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WhatsApp Obtaining 'Trick Consent' From Users for Updated Privacy Terms: Centre to Delhi HC

WhatsApp image used for representation.

WhatsApp image used for representation.

Earlier this May, WhatsApp's controversial privacy policy kicked in, and the Facebook-owned messaging platform said that it would remind those who still have not accepted the updated terms.

The union government has again challenged WhatsApp’s new privacy terms and told the Delhi High Court in a petition that the Facebook-owned company is indulging in “anti-user practices" by obtaining “trick consent." As reported by news agency ANI, the Centre further claimed that WhatsApp unleashed its “digital prowess" upon existing users in India to collect personal data before the Personal Data Protection Bill becomes law. The government has also alleged that the way WhatsApp is pushing its current notifications to its users to accept its refreshed privacy policy is “against the very grain of prima facie opinion of the Competition Commission of India’s order dated March 24, 2021." The Centre urged the Delhi High Court to issue an interim direction to the company to desist from sending push notifications onto users related to the updated 2021 privacy policy. The petition notes that WhatsApp must place on the record the number of times such notifications are being pushed daily along with their conversion rate.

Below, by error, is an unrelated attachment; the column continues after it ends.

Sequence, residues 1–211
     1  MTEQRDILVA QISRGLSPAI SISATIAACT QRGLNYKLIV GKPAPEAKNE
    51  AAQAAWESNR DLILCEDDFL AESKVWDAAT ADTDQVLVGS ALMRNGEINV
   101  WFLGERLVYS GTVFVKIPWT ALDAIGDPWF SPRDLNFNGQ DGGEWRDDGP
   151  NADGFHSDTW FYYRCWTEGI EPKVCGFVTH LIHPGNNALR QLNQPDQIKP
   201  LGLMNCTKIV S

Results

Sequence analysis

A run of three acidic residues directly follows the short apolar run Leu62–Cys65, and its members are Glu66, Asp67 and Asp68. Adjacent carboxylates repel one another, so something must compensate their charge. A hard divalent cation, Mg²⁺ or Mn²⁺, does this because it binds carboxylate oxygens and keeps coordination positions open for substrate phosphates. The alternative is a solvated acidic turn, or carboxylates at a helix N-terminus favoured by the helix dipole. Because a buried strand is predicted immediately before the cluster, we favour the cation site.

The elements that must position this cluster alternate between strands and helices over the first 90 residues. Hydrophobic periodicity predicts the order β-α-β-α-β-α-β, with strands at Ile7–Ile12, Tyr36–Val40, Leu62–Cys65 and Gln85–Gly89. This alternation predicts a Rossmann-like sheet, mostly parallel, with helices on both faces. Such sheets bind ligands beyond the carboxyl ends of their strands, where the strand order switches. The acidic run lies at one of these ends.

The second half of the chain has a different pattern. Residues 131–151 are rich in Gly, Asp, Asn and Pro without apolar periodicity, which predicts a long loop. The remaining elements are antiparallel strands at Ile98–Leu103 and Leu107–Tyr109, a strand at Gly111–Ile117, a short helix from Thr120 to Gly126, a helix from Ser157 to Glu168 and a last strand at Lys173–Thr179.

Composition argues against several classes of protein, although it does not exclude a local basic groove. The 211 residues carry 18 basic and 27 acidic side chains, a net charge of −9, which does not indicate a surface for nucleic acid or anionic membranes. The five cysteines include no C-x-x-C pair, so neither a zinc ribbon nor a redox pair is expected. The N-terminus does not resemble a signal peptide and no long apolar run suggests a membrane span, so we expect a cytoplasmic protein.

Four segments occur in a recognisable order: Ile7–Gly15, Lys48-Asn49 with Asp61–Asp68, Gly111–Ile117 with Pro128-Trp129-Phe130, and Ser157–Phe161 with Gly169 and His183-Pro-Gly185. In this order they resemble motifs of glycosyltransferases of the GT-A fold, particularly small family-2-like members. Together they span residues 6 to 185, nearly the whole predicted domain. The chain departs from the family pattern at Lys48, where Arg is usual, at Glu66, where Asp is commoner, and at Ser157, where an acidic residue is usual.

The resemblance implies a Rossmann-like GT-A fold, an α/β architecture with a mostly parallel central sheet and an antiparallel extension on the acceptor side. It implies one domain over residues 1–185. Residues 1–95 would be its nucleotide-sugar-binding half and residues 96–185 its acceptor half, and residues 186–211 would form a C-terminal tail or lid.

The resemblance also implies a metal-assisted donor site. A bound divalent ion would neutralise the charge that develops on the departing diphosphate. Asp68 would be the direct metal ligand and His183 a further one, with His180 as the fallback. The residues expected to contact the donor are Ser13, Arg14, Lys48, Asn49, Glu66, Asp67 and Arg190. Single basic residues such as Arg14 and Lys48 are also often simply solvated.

Earlier this May, WhatsApp‘s controversial privacy policy kicked in, and the Facebook-owned messaging platform said that it would remind those who still have not accepted the updated terms. The company had also said that those who have not agreed to its latest policy would lose select functionalities over time, which was later retracted.

“Given recent discussions with various authorities and privacy experts, we want to make clear that we currently have no plans to limit the functionality of how WhatsApp works for those who have not yet accepted the update. Instead, we will continue to remind users from time to time about the update as well as when people choose to use relevant optional features, like communicating with a business that is receiving support from Facebook," a statement from the company read.

Meanwhile, the Centre’s latest development comes nearly a week after WhatsApp filed a lawsuit at the Delhi High Court challenging the government’s newly implemented new digital rules that require companies to provide access to encrypted messages. “Requiring messaging apps to ‘trace’ chats is the equivalent of asking us to keep a fingerprint of every single message sent on WhatsApp, which would break end-to-end encryption and fundamentally undermines people’s right to privacy," a WhatsApp spokesperson said. However, the government has emphasised that the new norms will not impact the normal functioning of the popular free-messaging platform, and the IT Ministry has turned up the heat on significantly large social media companies such as Facebook, Twitter, YouTube, Instagram and WhatsApp asking them to report their status on compliance with the new rules, which have come into effect.

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